“The tv ads show women attempting to purchase the chunky chocolate bar – but the only way they can do this is by glueing on fake beards, dressing up as builders with hard hats, and swaggering into corner shops asking (in deep, gruff, fake-male voice) for a ‘Yorkie please.’ In one ad, the large, bearded, super-gruff male shopkeeper ‘tests’ the woman to prove she is a man, by quizzing her on stereotypically male questions, thrusting a fake spider in her face to see if she screams, and so on. He finally hands the bar over, but when he tells her th[at] it really highlights the blue in her eyes, she gasps ‘really?’ and he snatches the Yorkie out of her hands and bites off a huge, masculine chunk in one go.”
“The Yorkie ads, on tv and posters, used the slogans ‘It’s not for girls’, ‘don’t feed the birds’, ‘not available in pink’ and ‘King size, not Queen size.’ Interestingly, the campaign even affected the design of the bar itself, seemingly intended to literally stop women buying the bar in the real world. The ‘O’ in Yorkie has been altered into a ‘no go’ road sign, with a line cutting through a woman symbol. The bar also has the phrase ‘not for girls’ on it.” (The F-Word: Contemporary UK Feminism)
In another advertisement, a “four-page Yorkie supplement poked fun at the differences between men and women. The wrap featured a Bill of Male Rights and two definitive lists…”
“Top Ten Things Women Can’t Do
– Make a decision.
– Watch football without talking.
– Drive in a straight line.
– Use ten words when a hundred will do.
– Open a can unaided.
– Use a urinal.
– Own a pet spider.
– Speak on the phone for less than 15 minutes.
– Understand cricket.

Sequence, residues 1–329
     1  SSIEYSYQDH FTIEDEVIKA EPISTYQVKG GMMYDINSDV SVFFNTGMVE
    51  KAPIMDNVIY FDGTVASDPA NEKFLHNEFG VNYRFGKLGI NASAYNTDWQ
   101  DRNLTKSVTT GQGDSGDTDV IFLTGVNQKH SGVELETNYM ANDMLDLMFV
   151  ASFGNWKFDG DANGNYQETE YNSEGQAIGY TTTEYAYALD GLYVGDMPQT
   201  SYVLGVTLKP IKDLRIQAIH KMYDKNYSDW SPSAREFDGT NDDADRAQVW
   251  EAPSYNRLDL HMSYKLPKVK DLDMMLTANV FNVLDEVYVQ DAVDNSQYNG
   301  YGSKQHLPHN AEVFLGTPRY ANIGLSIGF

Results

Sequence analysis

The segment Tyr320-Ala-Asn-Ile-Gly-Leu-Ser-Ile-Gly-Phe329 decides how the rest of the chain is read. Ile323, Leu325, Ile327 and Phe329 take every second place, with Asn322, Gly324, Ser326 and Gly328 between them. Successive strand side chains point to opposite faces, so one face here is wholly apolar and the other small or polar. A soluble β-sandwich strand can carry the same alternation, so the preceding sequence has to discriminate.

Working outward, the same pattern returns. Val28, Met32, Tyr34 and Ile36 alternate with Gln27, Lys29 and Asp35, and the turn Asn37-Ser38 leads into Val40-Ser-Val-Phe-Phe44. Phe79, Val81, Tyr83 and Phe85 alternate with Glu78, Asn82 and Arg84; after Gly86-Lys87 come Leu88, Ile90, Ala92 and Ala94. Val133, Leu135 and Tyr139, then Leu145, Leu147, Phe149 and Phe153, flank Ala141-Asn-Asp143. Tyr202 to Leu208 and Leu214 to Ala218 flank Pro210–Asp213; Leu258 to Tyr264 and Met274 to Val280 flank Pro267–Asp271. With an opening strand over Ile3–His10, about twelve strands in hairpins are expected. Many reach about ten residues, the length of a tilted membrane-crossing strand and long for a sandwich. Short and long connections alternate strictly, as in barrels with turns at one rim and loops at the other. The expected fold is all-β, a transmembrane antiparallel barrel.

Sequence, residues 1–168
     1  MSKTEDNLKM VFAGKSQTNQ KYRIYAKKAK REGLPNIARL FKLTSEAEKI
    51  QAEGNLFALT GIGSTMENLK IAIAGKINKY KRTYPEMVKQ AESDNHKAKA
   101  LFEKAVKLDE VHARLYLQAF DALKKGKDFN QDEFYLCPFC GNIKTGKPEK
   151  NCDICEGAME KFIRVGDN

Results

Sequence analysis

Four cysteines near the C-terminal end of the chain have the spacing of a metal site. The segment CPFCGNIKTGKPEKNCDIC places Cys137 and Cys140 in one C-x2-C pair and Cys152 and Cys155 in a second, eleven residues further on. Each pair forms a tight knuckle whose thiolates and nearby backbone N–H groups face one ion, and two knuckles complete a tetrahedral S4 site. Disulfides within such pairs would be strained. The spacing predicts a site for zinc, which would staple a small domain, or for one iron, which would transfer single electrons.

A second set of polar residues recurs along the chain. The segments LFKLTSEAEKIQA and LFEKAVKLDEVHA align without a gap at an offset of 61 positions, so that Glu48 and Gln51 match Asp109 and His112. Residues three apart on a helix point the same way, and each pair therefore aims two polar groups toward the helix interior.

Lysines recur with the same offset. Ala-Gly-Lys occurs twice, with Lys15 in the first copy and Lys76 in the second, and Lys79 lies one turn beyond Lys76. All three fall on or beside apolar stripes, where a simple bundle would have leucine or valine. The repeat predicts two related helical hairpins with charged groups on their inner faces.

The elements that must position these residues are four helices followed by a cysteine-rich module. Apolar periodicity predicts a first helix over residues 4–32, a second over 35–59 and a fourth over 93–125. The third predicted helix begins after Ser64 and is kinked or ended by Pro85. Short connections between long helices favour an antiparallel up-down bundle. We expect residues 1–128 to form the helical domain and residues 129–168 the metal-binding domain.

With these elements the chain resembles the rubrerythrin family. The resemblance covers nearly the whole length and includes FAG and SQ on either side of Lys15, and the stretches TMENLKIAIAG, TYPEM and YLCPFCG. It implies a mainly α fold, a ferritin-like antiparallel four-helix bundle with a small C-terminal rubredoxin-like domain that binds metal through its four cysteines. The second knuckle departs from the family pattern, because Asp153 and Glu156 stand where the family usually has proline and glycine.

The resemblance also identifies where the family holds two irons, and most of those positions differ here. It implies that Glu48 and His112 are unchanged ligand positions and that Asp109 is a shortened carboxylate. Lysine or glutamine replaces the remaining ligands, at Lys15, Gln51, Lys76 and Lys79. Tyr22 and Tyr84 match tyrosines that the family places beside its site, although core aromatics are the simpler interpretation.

– Buy a Yorkie.”
“Top Ten Reasons To Be A Bloke
– One mood – all the time.
– You can go to the bathroom by yourself.
– You get to buy gadgets.
– You don’t have to clean your flat before the cleaner comes.
– Mechanics don’t lie to you.
– You can change a plug.
– Grey hair adds to your sex appeal.
– The first thing you try on in a shop fits you.
– You can read maps.
– You get to eat a Yorkie.” (Metro)
A year later, a limited edition (as in for two months) Pink Yorkie- “for girls”- was released. “The launch is to salute those sacred girls who, against their female instinct, can be ‘BLOKEY’ enough to indulge in the UK’s chunkiest chocolate bar!” (Nestle Rowntree)
Another aspect of the campaign: “Yorkie is to be temporarily renamed Blokie” (FoodAndDrinkEurope).
Yorkie teamed up with Metro magazine in a media stunt, in which “50,000 complimentary Yorkie bars were given out to male Metro readers, who were delighted to get a free chunky bar of Yorkie with their regular copy of Metro.
“Female readers were politely refused a Yorkie bar by Metro’s promotional staff, who apologised and informed them that ‘It’s Not for Girls!’
“Puzzled looks turned to genuine amusement when female Metro readers saw the ad for Yorkie on the front cover – a big No Women sign alongside Yorkie’s slogan.” (Metro)
Not everyone was as “genuinely amused”.